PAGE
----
(2) The addition of Fe2O3 caused lattice distortion, which is believed to result in a lower activation energy for aggressive oxidation in linear region and diffusion region compared with Pure and 3-CaO.

(3) The addition of CaO content resulted in a combined diffusion mechanism: diffusion of oxygen molecule through pores at lower temperatures (due probably to the shrinkage of sample 3-CaO during the synthesis) and diffusion of oxygen ions inward through formed liquid at higher temperatures.

(4) SiAlON synthesized from salt cake shows a combined oxidation character: the impurities of CaO and Fe2O3 in the sample AD can result in an aggressive oxidation at low temperature [1473 K (1200 °C)] and a protective oxidation at the temperatures above lower eutectic point [1573 K (1300 °C)].


  1. Rao, S.R.: Resource recovery and recycling from metallurgical wastes. 1st ed., Elsevier, The Netherlands, 2006.

    Google Scholar 

  2. H. Shen, E. Forssberg: Waste Manage., 2003, vol. 23, pp. 942–44.

    Article  Google Scholar 

  3. O. Manfredi, W. Wuth, I. Bohlinger: JOM, 1997, vol. 49, pp. 48–51.

    Article  CAS  Google Scholar 

  4. P. Li, M. Guo, M. Zhang, L.D. Teng, S.Seetharaman: Metall. Mater. Trans. B., 2012, vol. 43B, pp. 1220–30.

    Article  Google Scholar 

  5. I.-W. Chen and A. Rosenflanz: Nature, 1997, vol. 389, pp. 701–04.

  6. T. Ekström and M. Nygren: J. Am. Ceram. Soc., 1992, vol. 75, pp. 259–76.

    Article  Google Scholar 

  7. A.D. Mazzoni and E.F. Aglietti: Appl. Clay Sci., 1998, vol. 12, p. 447.

    Article  CAS  Google Scholar 

  8. F.J. Li, T. Wakihara, T. Wakihara, J. Tatami, K. Komeya, T. Meguro, and K.J.D. MacKenzie: J. Am. Ceram. Soc., 2007, vol. 90, pp. 1541–44.

    Article  CAS  Google Scholar 

  9. J. Wang, N. Li, C.C Shi and C.C. Jia: J. Univ. Sci. Technol. Beijing, 2000, vol. 7, p. 209.

    CAS  Google Scholar 

  10. X.M. Hou, K.C. Chou, X.J. Hu, and H.L. Zhao: J. Alloys. Compd., 2008, vol. 459, p.123.

    Article  CAS  Google Scholar 

  11. X.M. Hou, G.H. Zhang, and K.C. Chou: Int. J. Appl. Ceram. Technol., 2008, vol. 5, p. 529.

    Article  CAS  Google Scholar 

  12. K.C. Chou: J. Am. Ceram. Soc., 2006, vol. 89, p. 1568.

    Article  CAS  Google Scholar 

  13. X.M. Hou, C.S. Yue, M. Zhang, and K.C. Chou: Int. J. Min. Met. Mater., 2010, vol. 18, p. 77.

    Article  Google Scholar 

  14. G.T. Ye, J.L. Shang, D.G. Zhang, M. Liang, and Y.S Chen: J. Am. Ceram. Soc., 2010, vol. 93, pp. 322–25.

    Article  CAS  Google Scholar 

  15. W. Dai, W. Lin, A. Yamaguchi, J. Ommyoji, J. Yu, and Z. Zou: J. Ceram. Soc. Jpn., 2007, vol. 115, pp. 42–6.

    Article  CAS  Google Scholar 

  16. I. J. Davies, T. Minemura, N. Mizutani, M. Aizawa, and K. Itatani: J. Mater. Sci., 2001, vol. 36, pp. 165–72.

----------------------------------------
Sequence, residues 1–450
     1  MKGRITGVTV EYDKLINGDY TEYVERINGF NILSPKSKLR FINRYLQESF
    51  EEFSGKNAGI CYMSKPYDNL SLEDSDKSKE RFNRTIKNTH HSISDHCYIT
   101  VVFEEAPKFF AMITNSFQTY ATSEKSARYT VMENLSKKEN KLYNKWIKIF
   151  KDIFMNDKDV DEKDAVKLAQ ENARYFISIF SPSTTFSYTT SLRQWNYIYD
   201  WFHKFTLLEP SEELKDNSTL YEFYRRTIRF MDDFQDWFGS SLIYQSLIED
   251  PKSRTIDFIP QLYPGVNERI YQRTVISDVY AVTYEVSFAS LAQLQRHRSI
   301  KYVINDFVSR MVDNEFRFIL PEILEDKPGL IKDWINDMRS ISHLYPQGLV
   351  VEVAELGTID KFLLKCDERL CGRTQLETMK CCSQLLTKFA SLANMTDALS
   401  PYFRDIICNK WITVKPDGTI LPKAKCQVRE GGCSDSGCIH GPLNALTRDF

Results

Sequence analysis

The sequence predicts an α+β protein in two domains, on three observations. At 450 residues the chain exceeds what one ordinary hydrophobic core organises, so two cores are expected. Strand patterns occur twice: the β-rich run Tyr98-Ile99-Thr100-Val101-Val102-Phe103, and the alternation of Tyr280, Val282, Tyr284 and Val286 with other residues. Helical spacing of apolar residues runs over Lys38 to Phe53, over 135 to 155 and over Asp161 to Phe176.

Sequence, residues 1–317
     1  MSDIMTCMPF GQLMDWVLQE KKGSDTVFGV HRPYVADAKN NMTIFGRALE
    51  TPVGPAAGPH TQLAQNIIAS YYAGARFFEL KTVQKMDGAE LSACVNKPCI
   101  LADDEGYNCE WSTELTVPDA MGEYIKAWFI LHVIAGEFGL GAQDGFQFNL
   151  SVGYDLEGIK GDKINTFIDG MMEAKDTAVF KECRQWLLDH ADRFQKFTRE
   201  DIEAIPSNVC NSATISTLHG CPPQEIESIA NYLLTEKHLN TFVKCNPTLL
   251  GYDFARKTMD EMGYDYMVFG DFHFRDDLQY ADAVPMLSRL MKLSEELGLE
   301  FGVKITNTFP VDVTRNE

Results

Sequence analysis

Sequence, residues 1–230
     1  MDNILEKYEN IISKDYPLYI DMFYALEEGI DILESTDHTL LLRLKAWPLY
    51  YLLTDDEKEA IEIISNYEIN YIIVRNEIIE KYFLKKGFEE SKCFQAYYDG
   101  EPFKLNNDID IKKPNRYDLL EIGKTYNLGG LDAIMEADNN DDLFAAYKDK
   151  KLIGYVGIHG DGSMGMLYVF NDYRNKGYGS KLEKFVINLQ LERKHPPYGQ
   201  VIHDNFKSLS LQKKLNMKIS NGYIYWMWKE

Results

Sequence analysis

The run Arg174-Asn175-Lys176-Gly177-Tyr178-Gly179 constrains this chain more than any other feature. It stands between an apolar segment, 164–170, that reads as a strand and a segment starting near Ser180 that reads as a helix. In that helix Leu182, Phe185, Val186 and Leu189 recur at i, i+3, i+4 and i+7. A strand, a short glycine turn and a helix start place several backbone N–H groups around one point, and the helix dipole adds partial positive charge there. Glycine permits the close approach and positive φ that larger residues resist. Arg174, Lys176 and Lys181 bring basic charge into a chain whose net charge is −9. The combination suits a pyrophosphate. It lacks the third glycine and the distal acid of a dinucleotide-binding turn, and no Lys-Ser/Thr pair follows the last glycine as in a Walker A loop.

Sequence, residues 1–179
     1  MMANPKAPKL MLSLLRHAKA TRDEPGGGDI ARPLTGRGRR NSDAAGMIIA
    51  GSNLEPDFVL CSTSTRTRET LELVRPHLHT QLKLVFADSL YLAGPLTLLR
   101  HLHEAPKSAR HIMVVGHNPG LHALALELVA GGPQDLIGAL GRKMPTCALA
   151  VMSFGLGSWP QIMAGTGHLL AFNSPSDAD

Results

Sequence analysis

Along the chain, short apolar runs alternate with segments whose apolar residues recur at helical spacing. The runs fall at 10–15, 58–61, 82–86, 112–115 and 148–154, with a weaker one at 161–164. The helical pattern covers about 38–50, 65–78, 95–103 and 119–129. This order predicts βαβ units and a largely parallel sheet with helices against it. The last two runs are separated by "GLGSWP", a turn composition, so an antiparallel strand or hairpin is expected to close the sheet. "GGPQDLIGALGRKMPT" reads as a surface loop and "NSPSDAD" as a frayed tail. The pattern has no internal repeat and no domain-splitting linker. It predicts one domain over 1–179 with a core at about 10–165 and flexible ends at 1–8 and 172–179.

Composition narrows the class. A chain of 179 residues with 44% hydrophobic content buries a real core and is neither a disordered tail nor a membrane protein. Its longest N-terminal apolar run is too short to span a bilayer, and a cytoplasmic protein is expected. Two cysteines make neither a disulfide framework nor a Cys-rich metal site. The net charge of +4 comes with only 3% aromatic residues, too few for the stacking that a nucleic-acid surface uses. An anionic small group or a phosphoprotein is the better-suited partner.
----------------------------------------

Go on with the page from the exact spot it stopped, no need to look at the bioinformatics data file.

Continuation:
Article  CAS  Google Scholar 

  17. J.J. Liang, A. Navrotsky, V.J. Leppert, M.J. Paskowitz and S. H. Risbud: J. Mater. Res., 1999, vol. 14, pp. 4630–36.

    Article  CAS  Google Scholar 

  18. S. Vyazovkin and C.A. Wight: Phys. Chem., 1997, vol. 101, pp. 8279.

    Article  CAS  Google Scholar 

  19. M. Maciejewski: J. therm. Anal., 1992, vol. 38, pp. 51.

    Article  CAS  Google Scholar 

  20. A. Bellosi, E. Landi and A. Tampieri: J. Mater. Res., 1993, vol. 8, p. 565.

    Article  CAS  Google Scholar 

  21. J. Persson and M. Nygren: J. Eur. Ceram. Soc., 1994, vol. 13, no.5, pp. 467–84.

    Article  Google Scholar 

  22. K.G. Nickel: Corrosion of Advanced Ceramics: Measurement and modelling. NATO ASI Series, Series E (Applied Sciences), vol. 267, 1994.

  23. L.O. Nordberg, M. Nygren, P.O. Käll and Z.J. Shen: J. Am. Ceram. Soc., 1998, vol. 81, pp. 1461–70.

    Article  CAS  Google Scholar 

  24. L.O. Nordberg, P.O. Käll, and M. Nygren: Key Eng. Mater., 1995, vol. 113, pp. 39–48.

    Article  Google Scholar 

  25. J. Persson, P.O. Käll, and M. Nygren: J. Eur. Ceram. Soc., 1993, vol. 12, pp. 177–84.

    Article  CAS  Google Scholar 

  26. J. Persson, T. Ekstrom, P. O. Käll and M. Nygren: J. Eur. Ceram. Soc., 1993, vol. 11, pp. 363–73.

    Article  CAS  Google Scholar 

  27. J. Persson, P.O. Käll and M. Nygren: J. Am. Ceram. Soc., 1992, vol. 75, pp. 3377–84.

    Article  CAS  Google Scholar 

  28. K.J.D. MacKenzie, S. Shimada, and T. Aoki: J. Mater. Chem., 1997, vol. 7, pp. 527–30.

    Article  CAS  Google Scholar 

  29. J. A. Costello and R. E. Tressler: J. Am. Ceram. Soc., 1986, vol.69, pp.674-681.

    Article  CAS  Google Scholar 

  30. T. Chartier, J. M. Laurent, D. S. Smith, F. Valdivieso, P. Goeuriot, and F. Thevenot: J. Mater. Sci., 2001, vol. 36, pp. 3793–800.

    Article  CAS  Google Scholar 

  31. Z. Zheng, R.E. Tressler, and K.E. Spear: J. Electrochem. Soc., 1990, vol. 137, pp. 2812–16.

    Article  CAS  Google Scholar 

  32. T. Narushima, T. Goto, and T. Hirai: J. Am. Ceram. Soc., 1989, vol. 72, pp. 1386–90.

    Article  CAS  Google Scholar 

Download references


The authors would like to thank the National Science Foundation of China for the financial support (Nos. 51072022, 51074009, 50874013), under the Program for Talents youth in USTB (FRF-TP-09-005B). The supply of salt cake by Stena Metall AB is gratefully acknowledged.

Author information

Authors and Affiliations


Corresponding author

Correspondence to Mei Zhang.

Additional information

Manuscript submitted May 17, 2012.

Rights and permissions

Reprints and Permissions

About this article

Cite this article

Li, P., Zhang, M., Teng, L. et al. Oxidation Studies of SiAlON/MgAlON Ceramics with Fe2O3 and CaO Impurities, Part I: Kinetics. Metall Mater Trans B 44, 210–219 (2013).

Download citation

  • Published:

  • Issue Date:

  • DOI:


  • Fe2O3
  • Oxide Scale
  • Thermo Gravimetric Analysis
  • SiAlON
  • Leach Residue